What are Fixed and Variable Spreads?
A fixed spread is a spread which remains unchanged regardless of the circumstances. A variable spread is based on the forex market. In a variable spread, the difference between the buy and sell price of a currency pair fluctuates in a range.
A fixed spread is usually within the range of a variable spread. For example, for EUR/USD trading, a fixed spread is 2 or 3 pips. Here, the trader ensures that the fixed spread will not widen despite volatility in the currency market. On the other hand, a variable spread for EUR/USD trading varies between 1 to 4 pips. In volatile currency market situations, this can go to as high as 8 to 10 pips. With increased liquidity in the market, the variable spread widens. During less activity, the variable spread remains low.
Choosing a Spread
For long term traders, variable spreads are a good option. This is because they can enter and exit the market during times of lesser activity. They can get a price which is on the lower end of the variable spread. For regular traders, fixed spreads are a better option, as they can escape the high and low variation during times of high activity.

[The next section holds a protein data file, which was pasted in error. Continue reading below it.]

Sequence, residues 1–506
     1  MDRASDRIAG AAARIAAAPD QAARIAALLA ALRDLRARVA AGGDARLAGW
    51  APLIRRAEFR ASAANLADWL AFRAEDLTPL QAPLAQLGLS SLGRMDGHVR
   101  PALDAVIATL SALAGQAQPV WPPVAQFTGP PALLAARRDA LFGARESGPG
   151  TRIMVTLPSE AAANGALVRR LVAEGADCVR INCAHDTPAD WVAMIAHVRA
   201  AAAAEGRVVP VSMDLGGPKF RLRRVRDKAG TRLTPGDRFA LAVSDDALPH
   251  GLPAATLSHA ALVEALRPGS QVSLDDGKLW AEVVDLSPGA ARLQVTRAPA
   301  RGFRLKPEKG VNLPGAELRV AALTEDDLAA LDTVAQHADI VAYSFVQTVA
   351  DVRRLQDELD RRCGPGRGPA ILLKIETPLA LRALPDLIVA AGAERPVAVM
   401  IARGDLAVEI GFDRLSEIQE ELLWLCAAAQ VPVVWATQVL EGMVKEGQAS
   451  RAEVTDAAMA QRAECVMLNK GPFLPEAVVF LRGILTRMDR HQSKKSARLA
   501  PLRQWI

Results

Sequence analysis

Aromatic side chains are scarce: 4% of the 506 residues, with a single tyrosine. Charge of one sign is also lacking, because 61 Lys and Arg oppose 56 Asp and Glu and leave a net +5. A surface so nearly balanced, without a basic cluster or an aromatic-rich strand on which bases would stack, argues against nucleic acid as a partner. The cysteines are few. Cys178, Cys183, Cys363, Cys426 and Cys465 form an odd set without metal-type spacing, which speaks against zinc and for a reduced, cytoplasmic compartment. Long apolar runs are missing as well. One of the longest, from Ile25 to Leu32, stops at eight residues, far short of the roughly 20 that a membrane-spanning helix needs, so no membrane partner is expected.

However, there is no rigidity in choosing a spread as risk appetite, style of trading, execution quality and ability to react in volatile markets are the factors that affect your choice. Traders who like to deal in fast moving currency markets may choose variable spreads.
Fixed and variable spreads do not really matter so much to long term traders. This is due to the fact that in a longer time period, the difference of a few pips evens out. Experts feel that sometimes fixed spreads provide lesser incentives to traders, who have a higher risk appetite.
Cost Savings in Fixed Spreads
Despite the doubts over fixed spreads, forex traders do feel that these spreads provide cost savings. For example, a trader opens 100 trades of EUR/USD in a variable spread. He puts 20 trades at 1 pip, 40 at 2 pips and 40 more at 8 pips (when the market is volatile). His costs come to USD 420 in spreads (20 x 1 + 40 x 2 + 40 x 8). If he had chosen a fixed spread at 2 pips, then his costs would have come to only USD 200 in spreads (100 x 2). Thus, he would have saved USD 220 if he had used a fixed spread.
It is also known that in times of high volatility, traders can lose a lot of money if they use variable spreads. For novices, fixed spreads are recommended. When they get more comfortable with trading in the currency markets, then they tend to move on to variable spreads due the competitive nature of these spreads.
It should be kept in mind that poor execution can also ruin trades on fixed spreads.
Thus, it is recommended that all traders should have a clear strategy in mind before actually commencing with foreign currency trading.